UPDATE July 30: Telecom's CDMA mobile network, launched in 2001, has entered its final few hours of life.
How many are still clinging to the old network?
A Telecom spokeswoman would only offer: "We are unable to report numbers outside our financial reporting cycle."
At its last update, in February, the company said 639,000 customers remained on the old network.
That Telecom is on a final PR push - it sounded a "one day warning" this afternoon, indicates there are at least a few hold-outs. But at this point it's unclear if it's a matter of hundreds, thousands, tens of thousands or more.
The CDMA closure was first announced in May 2009 when Telecom launched its new XT network, which runs on the same W-CDMA technology used by Vodafone and 2degrees.
Carrots, sticks as clock counts down on CDMA
July 11: With just three weeks to go until its CDMA network shuts down on July 31, Telecom is refusing to say how many of its two million or so mobile customers remain on the old service.
The company has confirmed that there will be no extension on the July 31 deadline. CDMA will completely shutdown at the end of the month, including the end of 111 emergency calls via CDMA.
Telecom says those unsure if they are on CDMA or the newer XT should call *333.
There were some carrots mentioned by Telecom today, including $0 up front XT phone offers for contract customers, and a $79 top up fro pre-pay.
But also a few sticks.
Telecom warned that not even voice mail messages will be available after this month. Customers who urgently need to access a message will have to order it on CD, at their own cost.
The company also cautioned that those who don't change before July 31 might not be able to keep their number.
Telecom gave its last detailed mobile update on February 24 (read Telecom sheds 92,000 mobile customers: the new standings).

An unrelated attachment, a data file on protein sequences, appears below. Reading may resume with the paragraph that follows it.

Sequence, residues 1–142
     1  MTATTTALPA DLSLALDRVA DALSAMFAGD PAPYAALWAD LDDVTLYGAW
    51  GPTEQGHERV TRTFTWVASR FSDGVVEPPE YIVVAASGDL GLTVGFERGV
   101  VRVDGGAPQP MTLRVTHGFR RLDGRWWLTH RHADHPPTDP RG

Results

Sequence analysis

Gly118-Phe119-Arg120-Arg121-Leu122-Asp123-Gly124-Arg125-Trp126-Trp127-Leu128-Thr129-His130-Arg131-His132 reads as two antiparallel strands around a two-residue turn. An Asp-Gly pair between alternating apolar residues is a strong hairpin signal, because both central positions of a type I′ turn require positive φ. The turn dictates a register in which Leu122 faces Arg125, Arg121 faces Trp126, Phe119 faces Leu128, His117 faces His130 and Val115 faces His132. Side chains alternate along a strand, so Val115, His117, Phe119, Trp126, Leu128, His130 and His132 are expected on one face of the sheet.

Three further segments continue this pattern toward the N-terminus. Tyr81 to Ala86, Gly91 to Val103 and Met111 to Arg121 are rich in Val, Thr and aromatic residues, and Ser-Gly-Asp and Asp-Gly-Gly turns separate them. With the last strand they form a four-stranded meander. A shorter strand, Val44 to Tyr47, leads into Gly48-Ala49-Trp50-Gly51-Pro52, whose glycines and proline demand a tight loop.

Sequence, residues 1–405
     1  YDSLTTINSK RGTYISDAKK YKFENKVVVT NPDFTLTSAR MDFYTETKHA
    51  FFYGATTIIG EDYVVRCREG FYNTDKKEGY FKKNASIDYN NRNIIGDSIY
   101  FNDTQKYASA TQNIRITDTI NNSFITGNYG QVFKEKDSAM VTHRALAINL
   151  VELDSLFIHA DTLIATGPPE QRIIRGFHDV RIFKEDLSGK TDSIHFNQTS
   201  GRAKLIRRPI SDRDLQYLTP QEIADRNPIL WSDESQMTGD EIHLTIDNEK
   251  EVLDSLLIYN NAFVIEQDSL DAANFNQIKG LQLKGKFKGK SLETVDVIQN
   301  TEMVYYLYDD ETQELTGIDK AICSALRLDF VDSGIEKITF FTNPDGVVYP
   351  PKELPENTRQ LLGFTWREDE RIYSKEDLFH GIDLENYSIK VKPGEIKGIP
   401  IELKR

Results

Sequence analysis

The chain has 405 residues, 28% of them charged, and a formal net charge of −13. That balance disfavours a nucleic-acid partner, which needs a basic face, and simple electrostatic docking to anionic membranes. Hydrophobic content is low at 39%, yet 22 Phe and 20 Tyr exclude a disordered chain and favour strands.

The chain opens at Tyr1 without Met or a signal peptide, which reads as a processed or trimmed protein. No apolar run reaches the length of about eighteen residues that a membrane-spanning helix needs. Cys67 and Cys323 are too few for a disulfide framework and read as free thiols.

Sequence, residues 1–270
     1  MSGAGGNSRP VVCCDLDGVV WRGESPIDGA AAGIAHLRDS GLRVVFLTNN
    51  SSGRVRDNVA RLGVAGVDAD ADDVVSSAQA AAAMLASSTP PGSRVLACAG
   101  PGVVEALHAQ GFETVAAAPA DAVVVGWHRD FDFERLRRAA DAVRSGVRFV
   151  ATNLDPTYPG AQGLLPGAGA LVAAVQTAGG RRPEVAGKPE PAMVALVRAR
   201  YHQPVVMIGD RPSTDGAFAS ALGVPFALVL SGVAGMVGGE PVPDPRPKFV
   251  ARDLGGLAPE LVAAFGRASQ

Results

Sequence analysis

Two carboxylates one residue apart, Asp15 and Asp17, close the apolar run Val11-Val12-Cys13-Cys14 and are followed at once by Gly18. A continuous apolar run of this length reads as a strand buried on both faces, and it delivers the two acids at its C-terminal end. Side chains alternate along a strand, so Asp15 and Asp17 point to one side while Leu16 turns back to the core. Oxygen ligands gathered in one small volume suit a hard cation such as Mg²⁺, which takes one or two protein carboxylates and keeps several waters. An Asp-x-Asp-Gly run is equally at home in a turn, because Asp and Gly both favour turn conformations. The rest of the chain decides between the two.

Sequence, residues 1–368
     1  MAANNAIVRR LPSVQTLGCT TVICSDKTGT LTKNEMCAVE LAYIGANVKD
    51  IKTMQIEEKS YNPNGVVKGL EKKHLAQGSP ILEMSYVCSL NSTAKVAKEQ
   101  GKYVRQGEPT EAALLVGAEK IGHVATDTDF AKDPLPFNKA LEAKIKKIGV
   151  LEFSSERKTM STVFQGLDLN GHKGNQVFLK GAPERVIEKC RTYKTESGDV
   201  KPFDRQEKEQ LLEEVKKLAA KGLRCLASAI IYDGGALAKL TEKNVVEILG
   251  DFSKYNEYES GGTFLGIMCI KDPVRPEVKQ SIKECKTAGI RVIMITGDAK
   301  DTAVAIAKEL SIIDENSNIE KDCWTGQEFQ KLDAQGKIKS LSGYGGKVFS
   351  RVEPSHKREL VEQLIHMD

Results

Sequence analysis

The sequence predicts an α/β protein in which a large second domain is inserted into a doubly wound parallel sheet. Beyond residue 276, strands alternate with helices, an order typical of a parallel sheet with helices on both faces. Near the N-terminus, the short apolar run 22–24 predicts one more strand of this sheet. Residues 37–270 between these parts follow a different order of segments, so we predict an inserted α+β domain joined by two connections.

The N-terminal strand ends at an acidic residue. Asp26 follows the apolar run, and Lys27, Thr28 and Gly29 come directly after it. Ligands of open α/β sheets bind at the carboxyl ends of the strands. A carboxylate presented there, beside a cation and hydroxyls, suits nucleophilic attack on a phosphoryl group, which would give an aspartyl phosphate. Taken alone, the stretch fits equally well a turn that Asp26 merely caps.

At that time it said 639,000 customers remained on CDMA, accounting for 11% of its mobile revenue. Chief executive Paul Reynolds said on a conference call to analysts that "only" 300,000 had actively used CDMA in the past month.
Since February, the carrier has rebuffed all queries about CDMA customer numbers.
Telecom acting CEO Chris Quin said there had been an "influx" of CDMA customers to Telecom stores over the past few weeks.
The company had run radio, TV, newspaper and online ads, and run pre-recorded messages in front of calls on CDMA.
This afternoon, a spokesoman, declining to give specific figures, told NBR ONLINE: "We’re comfortable with migration volume to XT."
But the very fact Telecom has mounted a new PR offensive today suggests a decent whack of customers remain on the old network.
Privately held 2degrees has updated on customer numbers. On June 28, 2degrees CEO Eric Hertz said his company had 950,000 customers – around 100,000 of them contract plans.
In March last year, 2degrees said it had 580,000 customers. (Vodafone has fallen back fractionally, losing 9000 customers in its most recently reported quarter but more-or-less holding steady around 2.4 million).
The newcomer's surge suggests a good chunk of Telecom's CDMA hold-outs did not upgrade to XT, instead defecting to 2degrees.
The countdown to the CDMA closure has been complicated by alleged slow-sales (Telecom won't comment) and an abrupt management change at new budget mobile brand Skinny (which shares the same W-CDMA network as XT).
Skinny has recently pushed deals for CDMA hold-outs (as have 2degrees and Vodafone), but Telecom Retail chief executive Alan Gourdie told NBR the sub-brand's primary focus remains on the youth market.
Another sideshow has been a High Court spat over who owns provisioning software used to upgrade customers from CDMA to XT. Telecom has sought to stop the sale of Aldous, the Auckland company that worked on the software, then collapsed owing around $10.5 million.
When Telecom launched XT in May 2009, then CEO Paul Reynolds said he hoped half of the company's 2.1 million or so customers would upgrade to the new network inside a year.
However, a series of disastrous network outages in late 2009 and early 2010 stalled XT's progress.
With most CDMA hold-outs being low-yielding "glove box" customers, the old network's closure is a bit of a sideshow.
But it has turned out to possibly be a longer and more fraught sideshow than Telecom thought, and Vodafone and 2degrees won't mind seeing their rival distracted talking about its old network when it would rather be talking up its 4G plans.
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